4. Make sure the bow is rated for “Fast-flight” or order Dacron if you are not sure.
5. Ask questions if you are unsure of anything. Rod or Troy would rather answer your questions than have you order the wrong string for your bow or your needs.
6. If you want a super quiet string or a faster string discuss this with the string maker. You can have the string made to suit your needs when a standard string is not what you want.

Every string will benefit from frequent waxing with a good string wax. A properly waxed string lasts longer and is quieter.

Excess wax is automatically removed when you shoot the bow.

Update April 16 2005:
Since doing the initial review I have changed the strings on most of my bows to Rod’s “Great Strings” because of the high level of performance I can get from these custom built strings. I am shooting 10 strands of DF97 with padded loops on everything now.

The performance increases on each bow have varied but they always pick up substantial speed. Noise was reduced, and they shoot much faster. In every case there was no increase in shock or vibrations.

The lowest gain to date is on a 50# AIM {Samick} Viper Longbow a friend owns, that had an endless loop string made from Dacron. This bow was shooting at 171 FPS until we made the change. Now it is shooting the same 475 gr arrow at 181FPS. Thats a 10 FPS gain for the price of a string. The only other way to shoot the same arrow10 FPS faster is to go up in draw weight by about 5# or more. That would mean a new bow. Randy also reports that the bow is quieter and has less shock and vibration.

The best performance increase is on my Firehawk longbow from Rodney Wright . After trying a 10 strand DF 97 in the earlier review I ordered a custom string for this bow from Rod. This bow looked like it should be faster than it was. I reviewed the Firehawk earlier and the chrono gave me 182 FPS At 28″ with a 412 gr arrow with a 16 strand FF string on it. The new padded loop 10 strand DF97 string is giving me a very impressive 203FPS with the same weight arrow. That’s 21FPS for free. This bow will also shoot a 100 gr heavier arrow 4 FPS faster now than it originally did at 28″. That’s performance enhancement! In this case it is like gaining 10 pounds of draw weight without the effort. I repeated these tests several times to confirm this substantial increase as it seemed too good to be true.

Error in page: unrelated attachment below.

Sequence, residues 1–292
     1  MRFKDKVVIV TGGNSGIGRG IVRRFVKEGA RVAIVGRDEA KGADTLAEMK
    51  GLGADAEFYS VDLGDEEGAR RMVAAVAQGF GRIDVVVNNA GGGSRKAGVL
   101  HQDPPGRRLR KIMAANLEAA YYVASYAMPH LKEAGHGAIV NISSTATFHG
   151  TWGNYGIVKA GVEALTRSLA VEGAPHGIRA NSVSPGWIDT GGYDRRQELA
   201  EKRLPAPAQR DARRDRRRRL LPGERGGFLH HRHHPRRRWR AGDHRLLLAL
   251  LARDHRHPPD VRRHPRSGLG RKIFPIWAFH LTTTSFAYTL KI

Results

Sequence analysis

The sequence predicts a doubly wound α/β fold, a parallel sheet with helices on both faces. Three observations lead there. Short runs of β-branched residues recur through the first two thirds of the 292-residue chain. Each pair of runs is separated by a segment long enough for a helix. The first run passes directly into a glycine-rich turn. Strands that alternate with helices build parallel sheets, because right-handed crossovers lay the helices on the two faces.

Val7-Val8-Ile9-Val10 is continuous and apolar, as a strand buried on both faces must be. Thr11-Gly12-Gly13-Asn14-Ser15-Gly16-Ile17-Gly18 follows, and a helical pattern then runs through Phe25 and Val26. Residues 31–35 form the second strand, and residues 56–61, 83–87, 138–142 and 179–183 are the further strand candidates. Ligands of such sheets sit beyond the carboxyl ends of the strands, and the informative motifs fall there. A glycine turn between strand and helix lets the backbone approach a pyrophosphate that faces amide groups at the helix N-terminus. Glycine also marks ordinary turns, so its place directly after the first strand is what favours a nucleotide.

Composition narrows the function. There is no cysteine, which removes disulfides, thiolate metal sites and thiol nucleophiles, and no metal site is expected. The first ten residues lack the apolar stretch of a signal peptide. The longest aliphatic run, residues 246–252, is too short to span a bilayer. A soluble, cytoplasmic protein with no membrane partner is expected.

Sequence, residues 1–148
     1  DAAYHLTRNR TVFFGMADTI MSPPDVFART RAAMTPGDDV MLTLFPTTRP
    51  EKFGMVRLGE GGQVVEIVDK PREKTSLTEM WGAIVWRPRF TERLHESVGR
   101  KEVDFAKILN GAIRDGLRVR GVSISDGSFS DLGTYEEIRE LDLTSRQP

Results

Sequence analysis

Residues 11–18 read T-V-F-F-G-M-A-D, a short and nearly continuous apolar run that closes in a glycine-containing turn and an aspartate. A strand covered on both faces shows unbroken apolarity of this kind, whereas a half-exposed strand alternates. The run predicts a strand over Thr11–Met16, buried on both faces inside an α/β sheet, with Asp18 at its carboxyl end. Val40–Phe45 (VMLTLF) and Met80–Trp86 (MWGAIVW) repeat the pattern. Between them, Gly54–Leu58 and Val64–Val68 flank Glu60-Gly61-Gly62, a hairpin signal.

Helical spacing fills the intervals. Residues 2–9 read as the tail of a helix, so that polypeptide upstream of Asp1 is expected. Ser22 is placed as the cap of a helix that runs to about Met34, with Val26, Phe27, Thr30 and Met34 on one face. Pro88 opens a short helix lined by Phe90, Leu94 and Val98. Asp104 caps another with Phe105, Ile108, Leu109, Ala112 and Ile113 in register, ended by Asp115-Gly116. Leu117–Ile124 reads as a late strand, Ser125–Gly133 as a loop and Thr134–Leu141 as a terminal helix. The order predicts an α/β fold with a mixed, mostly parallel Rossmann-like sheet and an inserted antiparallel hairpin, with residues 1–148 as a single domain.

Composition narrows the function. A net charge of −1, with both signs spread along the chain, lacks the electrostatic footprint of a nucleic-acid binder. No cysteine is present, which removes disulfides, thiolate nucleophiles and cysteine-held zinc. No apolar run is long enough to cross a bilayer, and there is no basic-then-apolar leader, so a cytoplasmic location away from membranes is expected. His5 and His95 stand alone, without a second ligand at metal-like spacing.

The IBEX Recurve I have also benefited greatly from the 10 strand great string. When I reviewed it this bow shot at 192 FPS with a 16 strand Fast flight string at 28″. It is now shooting the same arrow weight at 204FPS. Again the string is the only change I made to the bow. This is free Horse power. You can either take the speed or go up in weight and take the KE/Momentum it will give you. Either way it is like having at least 5 more pounds of draw weight without the effort.

Nock fit has not been a problem with the small diameter strings. I tell Rod what type of nocks I shoot and he serves the string to fit them. For my carbons he uses 030 size serving and the fit is perfect. I like a good looking string and each string is color coordinated to match the bow. This does nothing for performance but it looks great.

I just ordered a new string from Rod for a bow I gave my wife. We are going to test a new material that he has, called TS1. Early reports indicate this material is very close to 8125 and DF97 for performance, and noise levels are said to decrease. I will know the truth in a short while. This bow is a 56” / 49# static tip recurve. The string will be made with extra padding to decrease the noise levels caused by the string contacting the limbs. When a narrow string hits the limb it creates more noise. This is the reason many shooters use too many strands {16} and do not see the benefit these materials can give. Custom strings can be made to give the best of both worlds, performance and silence with a side order of good looks.

By providing Rod with a few details you can have a custom string that will breath new life and looks into your bow. Nock point location and the length of the contact area at the limb tips for recurves as well as the nock size you use will provide him with the information to make a true custom string for you.

The only bow that did not gain was my ACS. This bow comes with a 10 strand DF97 string, and Rod Jenkins is the string maker for O.L. Adcock.

The trade name “Great Strings” is a well chosen description for Rod Jenkins Bowstrings.